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Notice

Amergen Energy Company, LLC; Notice of Consideration of Issuance of Amendment to Facility Operating License, Proposed No Significant Hazards Determination, and Opportunity for a Hearing

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Information about this document as published in the Federal Register.

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Start Preamble

The U.S. Nuclear Regulatory Commission (the Commission) is considering issuance of an amendment to Facility Operating License No. NPF-62 issued to AmerGen Energy Company, LLC (the licensee) for operation of the Clinton Power Station (CPS) located in DeWitt County, Illinois.

The proposed amendment would allow a one-time extension of some CPS Technical Specification (TS) surveillance intervals related to logic system functional testing of the Primary Containment and Drywell Isolation Instrumentation, and the Suppression Pool Makeup System Instrumentation. The extension would be to November 30, 2000, which is the scheduled end date of the upcoming refueling outage. The extension is requested to support elimination of a planned mid-cycle outage. Previously, by license Amendment No. 125 dated March 17, 2000, the NRC staff approved surveillance interval extensions for various TS to support elimination of the mid-cycle outage.

Before issuance of the proposed license amendment, the Commission will have made findings required by the Atomic Energy Act of 1954, as amended (the Act) and the Commission's regulations.

The Commission has made a proposed determination that the amendment request involves no significant hazards consideration. Under the Commission's regulations in 10 CFR 50.92, this means that operation of the facility in accordance with the proposed amendment would not (1) involve a significant increase in the probability or consequences of an accident previously evaluated; or (2) create the possibility of a new or different kind of accident from any accident previously evaluated; or (3) involve a significant reduction in a margin of safety. As required by 10 CFR 50.91(a), the licensee has provided its analysis of the issue of no significant hazards consideration, which is presented below:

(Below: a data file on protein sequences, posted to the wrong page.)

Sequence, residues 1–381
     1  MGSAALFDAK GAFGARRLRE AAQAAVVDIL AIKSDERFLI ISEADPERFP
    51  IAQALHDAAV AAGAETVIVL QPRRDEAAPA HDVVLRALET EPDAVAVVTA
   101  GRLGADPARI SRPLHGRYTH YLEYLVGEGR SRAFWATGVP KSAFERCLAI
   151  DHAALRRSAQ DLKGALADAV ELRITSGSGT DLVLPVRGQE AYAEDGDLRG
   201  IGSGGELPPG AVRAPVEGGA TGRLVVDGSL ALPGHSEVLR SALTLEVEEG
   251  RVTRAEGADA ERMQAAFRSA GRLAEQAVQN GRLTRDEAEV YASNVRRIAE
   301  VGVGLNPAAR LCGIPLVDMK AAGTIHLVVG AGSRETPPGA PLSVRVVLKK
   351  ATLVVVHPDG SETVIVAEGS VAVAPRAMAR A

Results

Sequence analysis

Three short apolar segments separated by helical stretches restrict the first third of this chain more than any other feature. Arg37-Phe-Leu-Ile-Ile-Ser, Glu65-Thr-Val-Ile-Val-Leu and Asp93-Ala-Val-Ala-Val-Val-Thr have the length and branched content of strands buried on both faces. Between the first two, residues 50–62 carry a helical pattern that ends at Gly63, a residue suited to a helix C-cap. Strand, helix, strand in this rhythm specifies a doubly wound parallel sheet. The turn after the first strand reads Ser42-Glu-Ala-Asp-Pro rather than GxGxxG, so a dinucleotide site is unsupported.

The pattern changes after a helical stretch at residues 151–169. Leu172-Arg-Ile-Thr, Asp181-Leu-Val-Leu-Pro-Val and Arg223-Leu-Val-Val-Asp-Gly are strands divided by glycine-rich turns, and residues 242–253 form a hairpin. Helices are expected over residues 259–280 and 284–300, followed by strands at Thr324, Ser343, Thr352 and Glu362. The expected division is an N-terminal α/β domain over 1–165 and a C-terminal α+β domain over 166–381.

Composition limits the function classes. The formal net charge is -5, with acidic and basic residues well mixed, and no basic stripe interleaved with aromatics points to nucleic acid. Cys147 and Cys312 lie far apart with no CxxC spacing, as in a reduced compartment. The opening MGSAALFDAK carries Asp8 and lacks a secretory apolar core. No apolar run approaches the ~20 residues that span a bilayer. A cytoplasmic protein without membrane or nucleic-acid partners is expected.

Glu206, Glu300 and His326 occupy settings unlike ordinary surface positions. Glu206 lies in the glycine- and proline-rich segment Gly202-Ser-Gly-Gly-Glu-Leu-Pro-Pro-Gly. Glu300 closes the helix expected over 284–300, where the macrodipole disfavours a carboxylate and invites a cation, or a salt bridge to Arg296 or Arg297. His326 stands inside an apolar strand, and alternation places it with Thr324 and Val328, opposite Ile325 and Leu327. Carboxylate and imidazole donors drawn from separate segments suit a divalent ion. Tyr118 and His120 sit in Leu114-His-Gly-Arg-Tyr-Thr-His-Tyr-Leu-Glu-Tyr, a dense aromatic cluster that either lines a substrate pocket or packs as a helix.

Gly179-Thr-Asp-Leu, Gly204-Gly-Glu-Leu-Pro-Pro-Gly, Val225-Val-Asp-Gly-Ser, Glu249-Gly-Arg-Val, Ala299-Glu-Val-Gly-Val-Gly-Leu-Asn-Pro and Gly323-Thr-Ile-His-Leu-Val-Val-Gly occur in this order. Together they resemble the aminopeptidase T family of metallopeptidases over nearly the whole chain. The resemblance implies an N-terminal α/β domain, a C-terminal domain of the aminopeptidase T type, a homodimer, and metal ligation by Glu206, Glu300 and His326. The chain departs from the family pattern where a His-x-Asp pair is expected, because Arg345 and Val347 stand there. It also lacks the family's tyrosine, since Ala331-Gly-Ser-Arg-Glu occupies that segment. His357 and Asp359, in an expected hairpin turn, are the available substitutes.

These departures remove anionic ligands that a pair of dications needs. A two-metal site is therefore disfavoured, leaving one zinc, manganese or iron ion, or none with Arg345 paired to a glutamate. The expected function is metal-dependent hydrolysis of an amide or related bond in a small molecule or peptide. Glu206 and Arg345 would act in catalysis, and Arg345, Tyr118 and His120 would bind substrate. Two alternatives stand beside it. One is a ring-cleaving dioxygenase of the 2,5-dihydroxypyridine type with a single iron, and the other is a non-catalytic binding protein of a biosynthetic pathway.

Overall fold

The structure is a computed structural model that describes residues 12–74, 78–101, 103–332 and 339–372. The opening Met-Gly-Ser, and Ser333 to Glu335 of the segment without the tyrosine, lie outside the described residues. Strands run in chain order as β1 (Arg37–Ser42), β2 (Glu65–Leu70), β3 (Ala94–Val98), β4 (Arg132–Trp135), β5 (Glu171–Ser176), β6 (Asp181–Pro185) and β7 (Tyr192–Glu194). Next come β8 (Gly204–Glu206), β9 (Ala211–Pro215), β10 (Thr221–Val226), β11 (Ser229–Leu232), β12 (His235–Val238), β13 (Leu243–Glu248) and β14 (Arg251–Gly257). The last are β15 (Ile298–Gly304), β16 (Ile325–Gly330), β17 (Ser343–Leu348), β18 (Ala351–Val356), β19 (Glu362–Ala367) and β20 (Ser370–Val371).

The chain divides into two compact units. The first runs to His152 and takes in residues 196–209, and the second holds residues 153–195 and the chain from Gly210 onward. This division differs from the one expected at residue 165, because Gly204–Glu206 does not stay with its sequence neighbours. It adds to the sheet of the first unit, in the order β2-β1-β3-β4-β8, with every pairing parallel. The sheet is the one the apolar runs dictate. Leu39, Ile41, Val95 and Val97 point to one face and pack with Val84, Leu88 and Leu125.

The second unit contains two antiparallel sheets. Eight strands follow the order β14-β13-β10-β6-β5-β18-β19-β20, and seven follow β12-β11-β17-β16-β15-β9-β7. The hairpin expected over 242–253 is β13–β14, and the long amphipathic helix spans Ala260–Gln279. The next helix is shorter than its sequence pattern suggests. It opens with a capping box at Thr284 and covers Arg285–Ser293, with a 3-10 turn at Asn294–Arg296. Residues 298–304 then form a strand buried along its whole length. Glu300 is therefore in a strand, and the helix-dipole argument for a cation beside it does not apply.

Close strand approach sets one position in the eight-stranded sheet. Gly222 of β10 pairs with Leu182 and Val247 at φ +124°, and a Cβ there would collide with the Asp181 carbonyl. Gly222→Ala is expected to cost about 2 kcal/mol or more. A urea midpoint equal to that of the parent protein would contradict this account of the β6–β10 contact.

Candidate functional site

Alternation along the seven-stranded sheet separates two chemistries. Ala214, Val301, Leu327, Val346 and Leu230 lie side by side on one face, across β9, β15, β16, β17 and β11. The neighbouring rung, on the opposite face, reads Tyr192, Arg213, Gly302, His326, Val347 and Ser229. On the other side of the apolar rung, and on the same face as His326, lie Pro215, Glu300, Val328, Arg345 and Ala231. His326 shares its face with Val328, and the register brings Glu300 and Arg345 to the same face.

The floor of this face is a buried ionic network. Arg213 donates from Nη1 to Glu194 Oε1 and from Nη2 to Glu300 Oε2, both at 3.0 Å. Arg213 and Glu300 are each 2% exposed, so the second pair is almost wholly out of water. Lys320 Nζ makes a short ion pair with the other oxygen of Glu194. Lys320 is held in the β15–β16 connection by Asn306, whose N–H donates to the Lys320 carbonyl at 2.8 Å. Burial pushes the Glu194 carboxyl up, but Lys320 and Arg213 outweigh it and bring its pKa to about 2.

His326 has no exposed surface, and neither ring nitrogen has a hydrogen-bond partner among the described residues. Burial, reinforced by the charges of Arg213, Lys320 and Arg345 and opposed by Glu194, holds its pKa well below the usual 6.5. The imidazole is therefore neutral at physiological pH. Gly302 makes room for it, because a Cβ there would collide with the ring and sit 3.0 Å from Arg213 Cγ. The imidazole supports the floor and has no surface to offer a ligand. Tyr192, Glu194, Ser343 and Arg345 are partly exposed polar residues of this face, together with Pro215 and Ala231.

1. The proposed changes do not involve a significant increase in the probability or consequences of an accident previously evaluated.

The proposed Technical Specification (TS) changes involve a one-time only change in Start Printed Page 26643the surveillance test intervals of selected Surveillance Requirements (SRs). As such, the Operability requirements for systems, structures, and components required by the Technical Specifications remain unchanged. Further, the proposed TS changes do not impact the TS surveillance performance requirements themselves nor the way in which the surveillances are performed, since only the test intervals are affected for the identified SRs. The proposed TS changes do not physically involve any changes to the plant, nor do they impact any design or functional requirements of the associated systems. Thus, the proposed TS changes do not increase the challenges of any safety systems assumed to function in the accident analysis.